The Book of Daniel
The book of Daniel is the only full-fledged apocalyptic writing in the Old Testament. It contains a series of visions (Dan 7–12) that may have been recorded at the time of the Maccabean revolt against the Seleucid Empire in the years 167–164 BC. In Daniel 7, Daniel sees four great beasts coming up out of the sea. These are explained to be the four kingdoms to which the Jews had been subjected, but the book draws its symbols from ancient myths and suggests the beasts are embodiments of primeval chaos. Daniel then sees the Most High depicted as an ancient figure seated on an amazing throne and surrounded by thousands of holy ones or angels. He presides over a judgment, and the fourth kingdom (representing the Greeks or perhaps Rome) is condemned to burn in the fire. Then the kingdom is given to one like a son of man who comes on the clouds—an identification used elsewhere in the OT for Yahweh (e.g., Isa 19:1).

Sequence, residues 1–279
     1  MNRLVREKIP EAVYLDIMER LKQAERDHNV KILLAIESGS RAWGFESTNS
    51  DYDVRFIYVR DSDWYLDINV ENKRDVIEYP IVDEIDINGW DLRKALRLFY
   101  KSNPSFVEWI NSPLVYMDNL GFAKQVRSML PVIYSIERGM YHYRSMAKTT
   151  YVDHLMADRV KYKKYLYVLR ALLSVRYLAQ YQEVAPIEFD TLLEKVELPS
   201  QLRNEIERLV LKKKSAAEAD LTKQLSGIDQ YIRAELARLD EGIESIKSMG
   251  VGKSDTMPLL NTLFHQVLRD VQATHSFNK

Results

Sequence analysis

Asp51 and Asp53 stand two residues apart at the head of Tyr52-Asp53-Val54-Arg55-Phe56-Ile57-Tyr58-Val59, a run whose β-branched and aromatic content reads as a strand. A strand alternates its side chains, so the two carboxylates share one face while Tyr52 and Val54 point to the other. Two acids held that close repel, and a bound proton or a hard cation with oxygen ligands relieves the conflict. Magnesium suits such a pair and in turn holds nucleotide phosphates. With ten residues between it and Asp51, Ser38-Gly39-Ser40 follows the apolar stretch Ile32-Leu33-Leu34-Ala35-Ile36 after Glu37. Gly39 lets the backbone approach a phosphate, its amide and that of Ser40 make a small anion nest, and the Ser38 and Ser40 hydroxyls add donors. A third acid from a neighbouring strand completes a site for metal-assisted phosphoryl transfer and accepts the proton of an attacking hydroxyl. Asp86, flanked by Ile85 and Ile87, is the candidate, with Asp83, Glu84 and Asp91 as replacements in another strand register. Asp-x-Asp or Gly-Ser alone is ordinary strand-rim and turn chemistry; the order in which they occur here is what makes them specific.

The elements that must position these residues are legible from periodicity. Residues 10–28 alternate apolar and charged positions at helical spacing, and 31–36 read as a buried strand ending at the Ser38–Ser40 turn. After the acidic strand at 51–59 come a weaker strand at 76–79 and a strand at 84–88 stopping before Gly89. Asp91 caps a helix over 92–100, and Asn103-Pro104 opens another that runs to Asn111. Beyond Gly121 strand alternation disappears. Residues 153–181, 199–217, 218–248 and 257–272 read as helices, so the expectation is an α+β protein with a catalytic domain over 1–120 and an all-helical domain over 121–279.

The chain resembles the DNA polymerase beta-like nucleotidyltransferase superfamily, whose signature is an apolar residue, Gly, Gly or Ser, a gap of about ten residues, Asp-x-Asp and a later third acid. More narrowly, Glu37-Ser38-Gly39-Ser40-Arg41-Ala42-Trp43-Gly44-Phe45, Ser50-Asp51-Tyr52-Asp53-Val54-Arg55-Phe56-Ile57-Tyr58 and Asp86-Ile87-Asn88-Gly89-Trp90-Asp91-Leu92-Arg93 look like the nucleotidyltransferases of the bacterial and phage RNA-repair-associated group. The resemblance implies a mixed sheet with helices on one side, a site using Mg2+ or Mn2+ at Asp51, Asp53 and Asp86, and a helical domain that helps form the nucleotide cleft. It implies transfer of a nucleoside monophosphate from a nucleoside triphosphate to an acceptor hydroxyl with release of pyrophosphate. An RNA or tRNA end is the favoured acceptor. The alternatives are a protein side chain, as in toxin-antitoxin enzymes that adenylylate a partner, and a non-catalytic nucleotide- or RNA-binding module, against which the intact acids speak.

The symbolism and function of Daniel’s visions become more specific in Daniel 10–12. The angel Gabriel appears to Daniel, telling him that he is engaged in a struggle in heaven against the “princes” of Persia and Greece, and that there is no one to help him but “Michael, your prince” (Dan 10:21). He proceeds to tell Daniel what is written in the book of truth—the whole course of history in the Hellenistic period (ca. 330–168 BC) through the persecution of the Jews by King Antiochus IV Epiphanes of Syria. (The book was likely completed before the death of Antiochus Epiphanes in 164 BC.)